to_image_data_view(sln::view(output, 0_idx, sln::to_pixel_index(img1.height() * 2), img1.width(), img1.height()),
                         sln::PixelFormat::RGBA),
      sln::ImageFormat::PNG, sln::FileWriter("result_c.png"));
  sln::write_image(
      to_image_data_view(sln::view(output, 0_idx, sln::to_pixel_index(img1.height() * 3), img1.width(), img1.height()),
                         sln::PixelFormat::RGBA),
      sln::ImageFormat::PNG, sln::FileWriter("result_d.png"));

  return 0;
}

Input & Output

The program reads card_a.png, card_b.png, card_c.png, card_d.png. Does it's magic and procudes: result_a.png, result_b.png, result_c.png, result_d.png.

<-- the *input* images <-- the *output* images

As you can see the resulting images look a bit weird, but when printed double sidedly, card A and B on one side, and card C and D on the other side of the paper, you can cut them out and fold them.

How to fold?

This is how I did it, I didn't plan to make a blog post so I didn't completely document every step. But at least on this picture should give you an idea:

For folding I bought a "Scor-Pal", I can recommend this tool it makes nice folds, doing without would give crappy results on thick paper IMO.

The polar bear piece of paper is side A & C, and cut in the middle already, and two horizontal pre-folds are made (sloppy ones though ). The other two sides C & D are pre-folded as well, but I didn't cut it horizontally yet. After cutting, glue the white edges on sides B & C together, and have it dry, the card should be done.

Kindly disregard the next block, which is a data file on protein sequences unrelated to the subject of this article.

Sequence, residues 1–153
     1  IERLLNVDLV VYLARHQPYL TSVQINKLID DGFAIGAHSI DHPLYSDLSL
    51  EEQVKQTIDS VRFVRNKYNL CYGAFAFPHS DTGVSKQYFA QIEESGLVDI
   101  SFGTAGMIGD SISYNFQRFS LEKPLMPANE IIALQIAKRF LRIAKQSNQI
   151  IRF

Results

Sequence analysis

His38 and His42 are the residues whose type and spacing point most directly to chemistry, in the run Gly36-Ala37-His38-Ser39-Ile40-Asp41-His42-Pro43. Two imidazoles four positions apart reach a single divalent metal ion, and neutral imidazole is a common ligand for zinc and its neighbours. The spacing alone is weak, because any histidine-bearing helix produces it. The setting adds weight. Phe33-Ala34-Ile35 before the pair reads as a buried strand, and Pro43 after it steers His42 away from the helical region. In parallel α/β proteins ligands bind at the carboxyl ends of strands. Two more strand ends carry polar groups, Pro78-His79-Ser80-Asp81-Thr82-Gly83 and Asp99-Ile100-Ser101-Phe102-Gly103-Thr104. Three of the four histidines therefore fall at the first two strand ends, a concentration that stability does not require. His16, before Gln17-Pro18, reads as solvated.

Conclusion

After having folded about 60 of these I finally got the hang of it and I could produce pretty slick cards. One thing I did was print myself with a color laser printer on very thick paper, this gave "meh" results, the toner had trouble sticking to the paper especially after folding. I recommend doing the printing at a specialized shop, maybe to avoid the toner letting loose, but also because aligning both sides is important. Not all printers are great at this I've discovered, especially if you have to use the manual feed for the thick paper.

What worked best is this order:

  • Printing both sides
  • Cut out the two sides with something like
  • Do the (in total four) pre-folds on both pieces of paper (do them in the right direction)
  • Cut the first one vertically, perfectly in the middle.
  • Cut the second one horizontally, perfectly in the middle.
  • Put glue on the corners for the second one now (the one cut horizontally)
  • Then align those two pieces perfectly so it appears whole again.
  • One by one add the other (the one cut vertically) two pieces, you'll find with the glue still wet it's easy to adjust.
  • When done, let it dry, and later on pre-fold some more for the definitive card.
C++ Comments (1)

Andrew Stoeckley

website: andrewstoeckley.com @

2018-06-22 18:55:53

This is one of the dopest uses of C++ I've seen in awhile!


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**) I plan to automate this.., but it's on my ToDo since for ever..


Author:
Ray Burgemeestre
february 23th, 1984

Topics:
C++, Linux, Webdev

Other interests:
Music, Art, Zen